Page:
David Cronenberg's Naked Lunch is a surreal experience that's heightened further by disguising itself within a veneer of classical stateliness (“an agent hiding in a larval state,” Roy Scheider's insidious Dr. Benway might say), a prodigious tonal achievement that blurs reality and the hallucinatory from the moment Peter Weller's William Lee follows his junkie wife's lead and shoots up his professional-grade cockroach-killing bug powder. An early diner conversation between the film's trio of literary figures might represent Cronenberg's own commentary on the film's creative process. Hank (Nicholas Campbell) and Martin (Michael Zelniker), stand-ins for Jack Kerouac and Allen Ginsberg, respectively, debate the merits of writing spontaneously versus editing and rewriting, to which William, one of William S. Burrough's pseudonyms, offers his own conclusion: “Exterminate all rational thought.” The film marries Cronenberg's renowned on-set improvisation with what amounts to a miraculous balancing act between the cinematic and the literary, fiction and nonfiction, creative and destructive urges, and even Cronenberg and Burroughs's dueling sexualities. Here, the director's trademark obsessions aid in maximizing the spirit of Burroughs's eponymous, “unfilmable” novel. Which brings us to the talking assholes.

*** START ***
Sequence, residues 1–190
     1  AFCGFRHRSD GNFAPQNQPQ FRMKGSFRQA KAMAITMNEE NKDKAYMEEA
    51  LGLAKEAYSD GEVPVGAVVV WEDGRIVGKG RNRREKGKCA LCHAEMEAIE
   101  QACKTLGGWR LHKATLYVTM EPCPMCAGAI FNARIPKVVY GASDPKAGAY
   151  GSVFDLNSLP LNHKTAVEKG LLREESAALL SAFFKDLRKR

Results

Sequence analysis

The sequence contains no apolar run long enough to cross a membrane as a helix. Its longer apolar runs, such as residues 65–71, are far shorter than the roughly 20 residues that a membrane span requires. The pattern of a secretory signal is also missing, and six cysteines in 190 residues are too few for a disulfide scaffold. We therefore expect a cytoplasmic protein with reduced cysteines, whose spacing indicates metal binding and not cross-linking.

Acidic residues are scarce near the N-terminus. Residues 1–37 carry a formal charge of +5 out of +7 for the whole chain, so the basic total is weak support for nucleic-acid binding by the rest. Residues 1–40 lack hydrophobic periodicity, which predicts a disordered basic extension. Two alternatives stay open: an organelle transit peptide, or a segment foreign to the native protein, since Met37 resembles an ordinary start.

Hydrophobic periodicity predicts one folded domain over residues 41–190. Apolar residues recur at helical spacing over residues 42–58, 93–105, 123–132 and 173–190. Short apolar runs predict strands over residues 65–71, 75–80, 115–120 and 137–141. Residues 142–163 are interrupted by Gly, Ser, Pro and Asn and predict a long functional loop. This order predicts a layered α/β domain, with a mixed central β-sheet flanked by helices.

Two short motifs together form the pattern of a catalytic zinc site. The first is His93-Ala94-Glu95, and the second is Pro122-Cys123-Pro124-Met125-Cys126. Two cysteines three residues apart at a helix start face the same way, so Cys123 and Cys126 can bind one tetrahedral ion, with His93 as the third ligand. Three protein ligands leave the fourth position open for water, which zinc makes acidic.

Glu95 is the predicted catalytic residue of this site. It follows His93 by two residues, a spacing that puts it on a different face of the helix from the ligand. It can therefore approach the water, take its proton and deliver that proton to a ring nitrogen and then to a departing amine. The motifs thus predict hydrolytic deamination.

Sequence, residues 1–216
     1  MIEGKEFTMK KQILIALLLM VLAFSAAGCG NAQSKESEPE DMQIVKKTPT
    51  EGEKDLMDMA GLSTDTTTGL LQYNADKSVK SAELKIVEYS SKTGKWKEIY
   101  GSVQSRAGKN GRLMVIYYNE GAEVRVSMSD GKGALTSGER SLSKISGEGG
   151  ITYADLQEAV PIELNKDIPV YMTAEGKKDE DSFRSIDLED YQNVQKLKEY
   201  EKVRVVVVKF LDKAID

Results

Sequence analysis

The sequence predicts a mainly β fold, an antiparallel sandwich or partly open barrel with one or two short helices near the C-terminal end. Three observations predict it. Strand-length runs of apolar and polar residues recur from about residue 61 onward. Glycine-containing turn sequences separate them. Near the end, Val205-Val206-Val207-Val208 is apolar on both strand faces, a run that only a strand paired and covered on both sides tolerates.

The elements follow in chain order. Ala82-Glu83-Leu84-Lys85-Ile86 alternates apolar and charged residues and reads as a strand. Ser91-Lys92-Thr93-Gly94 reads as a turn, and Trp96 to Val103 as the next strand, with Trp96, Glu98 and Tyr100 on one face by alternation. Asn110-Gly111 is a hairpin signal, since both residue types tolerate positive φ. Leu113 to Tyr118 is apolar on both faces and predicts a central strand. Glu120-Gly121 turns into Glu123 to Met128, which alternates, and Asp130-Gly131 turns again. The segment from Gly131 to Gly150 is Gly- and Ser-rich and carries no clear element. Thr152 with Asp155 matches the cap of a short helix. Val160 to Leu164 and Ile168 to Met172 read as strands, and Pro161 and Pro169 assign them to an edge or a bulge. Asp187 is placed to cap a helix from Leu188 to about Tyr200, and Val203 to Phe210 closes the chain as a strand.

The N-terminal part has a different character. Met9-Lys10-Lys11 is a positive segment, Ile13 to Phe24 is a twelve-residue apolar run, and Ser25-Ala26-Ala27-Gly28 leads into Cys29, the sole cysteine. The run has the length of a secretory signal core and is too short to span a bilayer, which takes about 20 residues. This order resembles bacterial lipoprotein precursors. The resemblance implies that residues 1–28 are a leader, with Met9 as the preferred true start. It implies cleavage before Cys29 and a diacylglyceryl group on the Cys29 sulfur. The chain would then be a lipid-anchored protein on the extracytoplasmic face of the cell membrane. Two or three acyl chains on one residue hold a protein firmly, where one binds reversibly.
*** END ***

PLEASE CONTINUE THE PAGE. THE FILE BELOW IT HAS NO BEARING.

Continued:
Published in 1959, Naked Lunch, much of which Burroughs didn't even remember writing through the haze of his addictions, would have been too expensive, if not downright impossible, to adapt literally for the big screen. A creative translation of sorts was necessary to re-contextualize the more sensational aspects into something palatable, as well as condensing its epic scope. The result—a Brundlefly-like melding of sensibilities, in which Burroughs's aforementioned anal imagery is channeled through The Fly auteur's trademark visual effects—remains one of the most audacious studio-funded films in recent cinematic memory, faithful even in its deviations, less an adaptation than an imagined behind-the-scenes “making of” tale (beating Spike Jonze's more blatantly self-devouring Adaptation. to the punch by more than a decade). Where the film seems to remain most unappreciated is as a comedy, if a decidedly tragic one. Peter Weller's reserved torment (fittingly, not unlike RoboCop without the armor) doubles as the perfect straight-man façade to the film's numerous talking insects and humanoid Mugwumps (occasionally doubling as typewriters, complete with a creativity-fueling jism dispenser), which frequently prove hilarious through their irony-free hard-boiled dialogue: “You worry me, Bill. You give me many anxious moments.”